When 'Virtual' becomes more real

The augmented and virtual reality market in the MEA region is booming
Augmented Reality - contextual information on mobile devices, projections, or wearables - and Virtual Reality which provides a fully-immersive digital environment, will be adopted across industries by 2025, as predicted by Frost & Sullivan.
Augmented Reality - contextual information on mobile devices, projections, or wearables - and Virtual Reality which provides a fully-immersive digital environment, will be adopted across industries by 2025, as predicted by Frost & Sullivan.

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The next 10 years of Augmented Reality (AR) and Virtual Reality (VR) technology development are set to redefine the future of both business and consumer processes and interactions in the GCC region, according to new research conducted by Frost & Sullivan in collaboration with GITEX Technology Week 2016. GCC organisations are leveraging the new technology to enhance end-user experiences.

According to the new Worldwide Semiannual Augmented and Virtual Reality Spending Guide from the International Data Corporation (IDC), worldwide revenues for the augmented reality and virtual reality (AR/VR) market will grow from $5.2 billion in 2016 to more than $162 billion in 2020. This represents a compound annual growth rate (CAGR) of 181.3% over the 2015-2020 forecast period.  The guide further estimates that the Middle East and Africa (MEA) augmented and virtual reality market will grow strongly over the next five years, posting annual growth rates of more than 100% across the 2016–2020 period.

“The concept of augmented and virtual reality is still relatively new for both vendors and consumers alike,” says Saad Elkhadem, a research analyst at IDC Middle East, Africa, and Turkey. “However, the global success of Pokémon Go has brought the concept to a much broader audience. And with industry powerhouses such as Microsoft, Samsung, Google, Sony, and Facebook pushing the technology to the masses, end-user awareness and familiarity is only going to grow.” He further stressed that the main challenge is not just getting the technology into the hands of the masses, but even more important is the need to provide consumers with compelling content that proves this is a viable technology capable of adding meaningful value to their lives.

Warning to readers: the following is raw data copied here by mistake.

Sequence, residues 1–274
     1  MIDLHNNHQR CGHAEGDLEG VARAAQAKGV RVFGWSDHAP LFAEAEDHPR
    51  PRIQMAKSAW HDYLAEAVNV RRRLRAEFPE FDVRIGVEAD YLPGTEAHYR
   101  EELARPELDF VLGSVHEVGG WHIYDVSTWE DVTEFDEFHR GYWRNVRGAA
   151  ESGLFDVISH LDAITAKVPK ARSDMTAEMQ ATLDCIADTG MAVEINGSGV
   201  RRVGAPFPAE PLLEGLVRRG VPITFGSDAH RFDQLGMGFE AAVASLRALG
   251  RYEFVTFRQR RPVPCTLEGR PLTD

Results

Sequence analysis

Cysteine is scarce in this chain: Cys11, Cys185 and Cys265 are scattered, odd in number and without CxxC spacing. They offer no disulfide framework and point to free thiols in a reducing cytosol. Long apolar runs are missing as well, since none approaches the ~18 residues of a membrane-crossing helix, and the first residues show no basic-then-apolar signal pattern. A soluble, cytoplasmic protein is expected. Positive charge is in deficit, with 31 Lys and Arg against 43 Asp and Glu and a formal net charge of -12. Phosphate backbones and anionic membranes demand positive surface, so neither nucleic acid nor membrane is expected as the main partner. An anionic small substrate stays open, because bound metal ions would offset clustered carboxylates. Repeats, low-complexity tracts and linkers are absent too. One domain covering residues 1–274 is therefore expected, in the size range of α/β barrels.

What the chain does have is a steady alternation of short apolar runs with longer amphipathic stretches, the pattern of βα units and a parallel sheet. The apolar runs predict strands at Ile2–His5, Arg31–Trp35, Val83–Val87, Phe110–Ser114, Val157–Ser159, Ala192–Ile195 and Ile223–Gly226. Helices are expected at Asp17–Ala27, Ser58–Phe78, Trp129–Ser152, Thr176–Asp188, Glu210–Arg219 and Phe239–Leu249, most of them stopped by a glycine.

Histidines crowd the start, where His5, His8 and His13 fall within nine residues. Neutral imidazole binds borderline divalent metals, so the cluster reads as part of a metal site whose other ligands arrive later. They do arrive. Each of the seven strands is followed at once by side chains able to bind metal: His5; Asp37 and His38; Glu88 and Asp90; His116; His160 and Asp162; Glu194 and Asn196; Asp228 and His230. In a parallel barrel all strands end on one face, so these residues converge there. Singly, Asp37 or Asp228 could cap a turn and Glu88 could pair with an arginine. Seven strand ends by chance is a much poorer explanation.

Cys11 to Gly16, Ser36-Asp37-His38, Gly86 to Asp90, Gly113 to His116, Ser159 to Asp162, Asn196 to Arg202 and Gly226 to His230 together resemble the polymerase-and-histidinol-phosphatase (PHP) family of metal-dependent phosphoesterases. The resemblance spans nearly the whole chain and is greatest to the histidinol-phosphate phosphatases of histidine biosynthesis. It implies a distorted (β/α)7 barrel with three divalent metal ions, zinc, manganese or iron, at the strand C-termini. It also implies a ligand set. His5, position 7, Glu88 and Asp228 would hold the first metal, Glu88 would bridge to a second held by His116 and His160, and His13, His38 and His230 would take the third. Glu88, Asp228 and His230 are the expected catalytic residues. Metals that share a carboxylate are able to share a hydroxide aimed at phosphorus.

In the GCC, organisations no longer need to imagine the impact of AR and VR – they are already deploying the technology in fascinating new ways. Programmes across industries in the GCC are eager to adopt AR and VR technologies to streamline processes. The new report from Frost & Sullivan highlights a number of unique AR and VR initiatives and projects in the region.

Public agencies have been quick on the uptake of AR and VR technology in the GCC, Frost & Sullivan says, highlighting a number of cutting-edge initiatives in the region. Sheikh Zayed Housing Programme, the agency that provides Emirati housing, has launched the My Virtual Home App, which uses AR to allow users to virtually tour readymade 3D housing models. The Dubai Road and Transport Authority (RTA) has launched Wojhati, a trip planning mobile app with GPS to help users plan, track, and share their mass transit routes. The RTA is also partnering with the Dubai Future Foundation for 25 per cent of Dubai’s road trips by driverless vehicles by 2030.

Also at GITEX this year, Qatar’s Codea will share best practices in developing the AR shopping app Real Aug Shoppie, which provides personalised information and coupons when products are scanned.

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